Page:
Early 1900s Catholic First Communion Traditions

I don’t even know where to begin searching the web to find the answer to this question, so I’m starting here first.

Does anyone know anything about First Communion traditions from the early 1900s? I begged for and have now received a studio photograph of two of my great aunts and one great uncle, c. 1918. It is a First Holy Communion pic. My mom guessed the date based on how old each child appears; she knows their birth dates. Anyway, the oldest girl looks to be about 12; the second, also a girl, is about 8 or 9; and the youngest, the boy, looks around 6 or 7. The girls are in these gorgeous Victorian veils that fall to the hems of their dresses. They have on lace-up ankle-high white kidskin boot, and the boy is in a suit.

Why would all three children be making their First Communion at the same time? Obviously it isn’t a staged photo because if the oldest girl had made her First Holy Communion earlier, then the dress wouldn’t fit her at 12. If ALL the children in the family were to make it all at once – well, that doesn’t make sense either, because my grandfather isn’t in the picture and would have been about 5 at that time.

Didn’t they make their First Communion together as a class, then? I’m fairly positive they were in Catholic school. This is would have been in the Jamestown/Little Valley, NY, area – which is in western NY near Erie, Pennsylvania.

Early 1900s I don’t know about. In my time (1960s) and in my parents’ time (1930s) they did do it as a class, so people about the same age would be doing it at the same time. I don’t see any reason for a family to wait until they can all go at the same time – it’s not as if the Bishop had to be present and certify all the kids, and he could only make it around at great intervals.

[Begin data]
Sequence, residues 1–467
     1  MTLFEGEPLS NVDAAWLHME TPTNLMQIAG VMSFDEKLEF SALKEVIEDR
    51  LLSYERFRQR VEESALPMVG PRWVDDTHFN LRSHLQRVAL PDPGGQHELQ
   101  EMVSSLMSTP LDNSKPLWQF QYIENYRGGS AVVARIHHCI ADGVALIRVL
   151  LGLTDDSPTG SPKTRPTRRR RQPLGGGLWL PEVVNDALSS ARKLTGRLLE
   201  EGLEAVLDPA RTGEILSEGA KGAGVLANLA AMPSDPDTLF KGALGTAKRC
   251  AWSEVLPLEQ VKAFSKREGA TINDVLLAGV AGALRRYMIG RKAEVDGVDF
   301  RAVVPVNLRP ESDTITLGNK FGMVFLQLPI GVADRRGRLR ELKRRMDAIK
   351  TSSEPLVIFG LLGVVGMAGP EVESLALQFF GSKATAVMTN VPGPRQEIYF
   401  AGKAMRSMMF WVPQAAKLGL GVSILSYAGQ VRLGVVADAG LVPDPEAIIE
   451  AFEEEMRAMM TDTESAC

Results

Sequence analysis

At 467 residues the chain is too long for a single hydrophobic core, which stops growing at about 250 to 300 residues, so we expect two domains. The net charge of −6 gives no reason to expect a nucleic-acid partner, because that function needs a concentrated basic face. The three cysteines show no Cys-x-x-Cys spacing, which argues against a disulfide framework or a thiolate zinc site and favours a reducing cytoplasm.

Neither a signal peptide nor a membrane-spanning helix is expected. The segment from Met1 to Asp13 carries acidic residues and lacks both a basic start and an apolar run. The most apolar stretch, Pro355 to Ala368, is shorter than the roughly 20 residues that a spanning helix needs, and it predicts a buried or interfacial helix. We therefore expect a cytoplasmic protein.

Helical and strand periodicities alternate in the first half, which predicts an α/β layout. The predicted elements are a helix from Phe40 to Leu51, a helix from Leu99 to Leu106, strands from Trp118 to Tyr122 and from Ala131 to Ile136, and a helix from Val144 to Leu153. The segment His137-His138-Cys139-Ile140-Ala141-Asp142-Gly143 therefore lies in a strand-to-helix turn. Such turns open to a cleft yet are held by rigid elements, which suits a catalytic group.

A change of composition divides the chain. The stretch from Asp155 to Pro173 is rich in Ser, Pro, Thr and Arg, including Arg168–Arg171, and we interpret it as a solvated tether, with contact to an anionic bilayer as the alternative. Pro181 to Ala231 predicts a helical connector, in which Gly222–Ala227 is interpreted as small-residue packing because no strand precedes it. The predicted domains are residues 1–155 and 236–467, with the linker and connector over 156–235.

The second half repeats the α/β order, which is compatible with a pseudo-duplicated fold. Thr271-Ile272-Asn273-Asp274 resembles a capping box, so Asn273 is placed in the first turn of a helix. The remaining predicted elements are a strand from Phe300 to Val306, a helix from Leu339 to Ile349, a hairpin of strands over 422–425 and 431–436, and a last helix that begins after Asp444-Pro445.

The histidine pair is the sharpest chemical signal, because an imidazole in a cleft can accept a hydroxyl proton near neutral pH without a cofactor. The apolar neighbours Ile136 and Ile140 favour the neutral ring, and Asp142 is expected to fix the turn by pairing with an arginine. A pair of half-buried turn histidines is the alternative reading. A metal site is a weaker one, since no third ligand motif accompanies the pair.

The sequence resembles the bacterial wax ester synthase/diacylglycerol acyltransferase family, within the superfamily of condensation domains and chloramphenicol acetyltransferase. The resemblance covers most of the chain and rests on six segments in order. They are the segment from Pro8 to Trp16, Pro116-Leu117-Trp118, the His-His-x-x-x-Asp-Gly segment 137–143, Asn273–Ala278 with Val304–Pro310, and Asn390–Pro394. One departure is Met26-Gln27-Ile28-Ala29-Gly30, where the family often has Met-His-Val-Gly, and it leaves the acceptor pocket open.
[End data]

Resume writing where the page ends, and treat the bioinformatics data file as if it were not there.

Are you sure it’s the first communion for all of them? Maybe it’s only for one or two, and the others are dressed up in their Sunday Best for the picture.

What about First Communion for the second girl, Confirmation for the first and nothing in particular for the boy? The ages seem about right for that.

Both girls are dressed nearly identically, with long elaborate veils that, really, could be nothing but First Communion veils. They’re much too long to be chapel veils (unless in this time period, girls were dressed in long, long veils and white dresses just to go to church–which I doubt).

My mother says this is a First Communion picture because there’s no way they would have gone to the expense of purchasing these veils and white boots AND paying for a formal portrait for anything other than a special occasion. And she knew them (albeit as adults) and “cheap” only begins to describe their modus operandi. :stuck_out_tongue:

I don’t think girls wore this type get-up for Confirmation at any time, but of course I could be wrong about that.

Is it possible that the family had just converted (to Christianity, or to Catholocism specifically)? If so, then all of the children who are old enough might well be taking their First Communion at the same time (along with baptism, and for the oldest girl, maybe confirmation). Your grandfather, at 5 years old, would still have been too young, and would presumably have taken his a few years later. 6 or 7 is also fairly young for First Communion, but not unheard-of (I think I was 7 when I had my First Communion).

Good hypothesis, Chronos, but no, no chance. Very much the Catholics from the Old Country.